Background: Safe Patient Handling and Mobility (SPHM) consists of ergonomic techniques and equipment to move patients who cannot move independently. SPHM helps minimize adverse events (pressure ulcers, falls), and staff injuries. Despite benefits, we know little about how patients experience assisted mobility. With valid and reliable scales, we can measure patient experiences, thus facilitating improved care, more tailored evaluation, and more targeted clinical staff education. Patients in rehabilitation are an ideal group to study.
Specific aims : We will develop a valid and reliable self-report survey based upon patients' experiences of assisted mobility: the (PEAM). We have three aims. First, the analysis of qualitative interview data will identify and describe important concepts of patients' experiences. Scales and items will be generated from the interviews. The items will be reviewed by patients and subject experts, assuring content validity. Second, the PEAM will be fielded and the data analyzed to provide support for reliability and construct validity. Third, we will examine the statistical relation between PEAM and associated outcomes to establish criterion validity. Significance: Patient experiences of care are one of the pillars of health care quality. Yet, no measures assess patients' perceptions of assisted mobility. The VA national directive for SPHM mandates program evaluation, yet the Voice of the Veteran is not part of the assessment. The sheer number of rehabilitation unit Veterans calls for their input. The PEAM will provide a valid and reliable measure to address this gap. PEAM will allow identification of best practices, areas in need of improvement, and clinical staff educational priorities. Priority domain: Our study addresses the HSR&D priority of patient-centered care and care management. We examine how methods of care delivery can influence Veterans' experiences and relevant outcomes. Innovation: PEAM will be the first reliable and validated patient-report survey of assisted mobility experiences. Methodology:
For Aim 1, we will conduct telephone interviews with 60 Veterans discharged from inpatient rehabilitation units including: SCI, acute rehabilitation, short-stay nursing homes, and polytrauma. We will interview 30 staff at two medical centers about their experiences with SPHM. Our conceptual model and interview questions consist of patient, provider, equipment, environment, and task concepts. We will apply thematic analysis to data to develop and refine constructs. An expert panel will evaluate item fit to constructs. We will interview up to 15 Veterans to ensure items are understood as intended.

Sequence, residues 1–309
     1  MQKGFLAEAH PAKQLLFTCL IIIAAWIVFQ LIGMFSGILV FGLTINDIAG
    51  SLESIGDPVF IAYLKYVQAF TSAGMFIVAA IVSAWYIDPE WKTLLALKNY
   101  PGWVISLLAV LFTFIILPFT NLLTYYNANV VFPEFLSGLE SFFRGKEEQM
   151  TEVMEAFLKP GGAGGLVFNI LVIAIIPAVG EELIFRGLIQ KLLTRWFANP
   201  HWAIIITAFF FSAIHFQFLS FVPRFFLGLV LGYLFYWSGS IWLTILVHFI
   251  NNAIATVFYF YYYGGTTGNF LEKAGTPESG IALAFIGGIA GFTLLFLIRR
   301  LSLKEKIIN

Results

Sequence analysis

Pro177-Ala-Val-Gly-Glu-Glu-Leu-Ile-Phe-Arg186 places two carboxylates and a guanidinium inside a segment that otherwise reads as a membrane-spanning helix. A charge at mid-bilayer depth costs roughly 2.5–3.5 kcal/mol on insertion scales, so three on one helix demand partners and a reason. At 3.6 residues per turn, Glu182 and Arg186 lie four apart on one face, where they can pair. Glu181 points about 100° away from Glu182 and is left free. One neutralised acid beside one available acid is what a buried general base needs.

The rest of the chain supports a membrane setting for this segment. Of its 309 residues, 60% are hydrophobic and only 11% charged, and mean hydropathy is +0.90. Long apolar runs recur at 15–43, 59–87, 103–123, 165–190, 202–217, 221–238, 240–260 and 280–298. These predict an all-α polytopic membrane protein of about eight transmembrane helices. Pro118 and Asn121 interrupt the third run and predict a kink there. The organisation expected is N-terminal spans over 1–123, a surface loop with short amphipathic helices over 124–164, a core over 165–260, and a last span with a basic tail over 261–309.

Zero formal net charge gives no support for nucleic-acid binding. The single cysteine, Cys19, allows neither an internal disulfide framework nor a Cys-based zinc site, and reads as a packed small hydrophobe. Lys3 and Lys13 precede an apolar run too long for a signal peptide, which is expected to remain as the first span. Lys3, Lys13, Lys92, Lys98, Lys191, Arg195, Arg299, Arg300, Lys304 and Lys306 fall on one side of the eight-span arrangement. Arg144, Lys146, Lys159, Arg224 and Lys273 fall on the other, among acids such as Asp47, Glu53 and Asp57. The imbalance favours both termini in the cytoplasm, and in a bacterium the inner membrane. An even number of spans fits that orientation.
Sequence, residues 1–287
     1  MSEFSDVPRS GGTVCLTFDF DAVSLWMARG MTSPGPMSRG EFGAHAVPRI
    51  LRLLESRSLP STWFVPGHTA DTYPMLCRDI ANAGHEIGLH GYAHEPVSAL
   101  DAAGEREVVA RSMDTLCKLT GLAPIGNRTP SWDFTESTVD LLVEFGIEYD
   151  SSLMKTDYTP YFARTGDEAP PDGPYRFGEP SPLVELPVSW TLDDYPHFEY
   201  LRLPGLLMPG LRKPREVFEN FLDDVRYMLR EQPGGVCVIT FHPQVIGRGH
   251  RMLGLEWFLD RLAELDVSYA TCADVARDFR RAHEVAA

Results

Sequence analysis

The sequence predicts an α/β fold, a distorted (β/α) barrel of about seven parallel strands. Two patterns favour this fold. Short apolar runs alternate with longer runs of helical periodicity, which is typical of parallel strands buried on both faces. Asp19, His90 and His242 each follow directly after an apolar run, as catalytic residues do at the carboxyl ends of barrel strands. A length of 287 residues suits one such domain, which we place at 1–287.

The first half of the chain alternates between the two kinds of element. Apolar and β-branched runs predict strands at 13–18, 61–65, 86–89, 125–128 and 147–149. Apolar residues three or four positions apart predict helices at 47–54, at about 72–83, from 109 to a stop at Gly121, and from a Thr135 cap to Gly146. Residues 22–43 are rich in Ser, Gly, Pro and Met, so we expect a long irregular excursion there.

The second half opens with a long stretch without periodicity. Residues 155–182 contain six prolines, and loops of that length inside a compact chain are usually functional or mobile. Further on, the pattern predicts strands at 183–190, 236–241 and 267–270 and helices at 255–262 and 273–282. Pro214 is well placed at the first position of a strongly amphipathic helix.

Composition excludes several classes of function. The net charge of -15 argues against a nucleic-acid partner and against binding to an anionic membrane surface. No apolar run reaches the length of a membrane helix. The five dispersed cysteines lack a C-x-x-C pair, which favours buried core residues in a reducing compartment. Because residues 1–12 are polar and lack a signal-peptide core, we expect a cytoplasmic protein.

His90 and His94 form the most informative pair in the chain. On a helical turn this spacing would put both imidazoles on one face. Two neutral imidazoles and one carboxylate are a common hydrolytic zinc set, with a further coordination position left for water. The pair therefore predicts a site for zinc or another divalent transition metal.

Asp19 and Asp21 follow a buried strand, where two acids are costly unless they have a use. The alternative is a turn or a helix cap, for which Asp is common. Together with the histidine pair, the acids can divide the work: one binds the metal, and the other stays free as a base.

For Aim 2, we will test the instrument with a sample of Veterans (n=800). Item response theory and confirmatory factor analysis will identify the best performing items. We will assess construct validity between the PEAM and other validated measures.
For Aim 3, we will assess criterion validity through field-based observational assessments and surveys of Veterans (n=3500) at more than 20 facilities. We will model the relation between patient and unit characteristics with PEAM. We will also examine patient and unit-level outcomes to establish criterion validity. Expected results: Our resultant instrument will provide a unique measure of assisted mobility for this understudied population and assess an important, yet understudied, aspect of the care recovery process. Next steps: VA operational partners ? including SCI/D and SPHM ? will be provided with findings, insights, and recommendations that can support evaluation from their directives. PEAM use in evaluation programs nation-wide can be planned. Enriched evaluation using the PEAM by program offices could lead to changes in policies, staff education, equipment, and improved care. Through individual feedback to facilities in Aim 3, performance improvement efforts can be tailored around specific findings. We will work with program offices to develop and implement tablet-based data collection methods. With a validated instrument, we can also include the PEAM in surveys that VA regularly administers to assess patient experiences of rehabilitation care. Work can also adapt the instrument for bariatric patient handling and long-term care priority areas.

Public Health Relevance

Hospitalized Veterans and groups representing Veterans have voiced concerns with aspects of patient assisted mobility (i.e. being moved via the use of equipment and technology). The study aims to develop and validate the patient experiences of assisted mobility (PEAM) instrument. The measure will help VA better understand Veterans' experiences, identify ways to improve safety, comfort, dignity, and mobility. We will conduct interviews with staff and Veterans receiving care at rehabilitation units: spinal cord injury; hospital- based acute rehabilitation; and short-stay nursing homes. We will identify important characteristics informed by our conceptual model. We develop a survey, review with our advisory panel and Veterans, and administer the survey twice with 800 and 3500 Veterans, conduct observation assessment. Analysis at each stage will help refine the instrument. We will examine how well PEAM relates to similar constructs and outcomes for both individual and the units providing care.

National Institute of Health (NIH)
Veterans Affairs (VA)
Non-HHS Research Projects (I01)
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HSR-1 Medical Care and Clinical Management (HSR1)
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VA Boston Health Care System
United States
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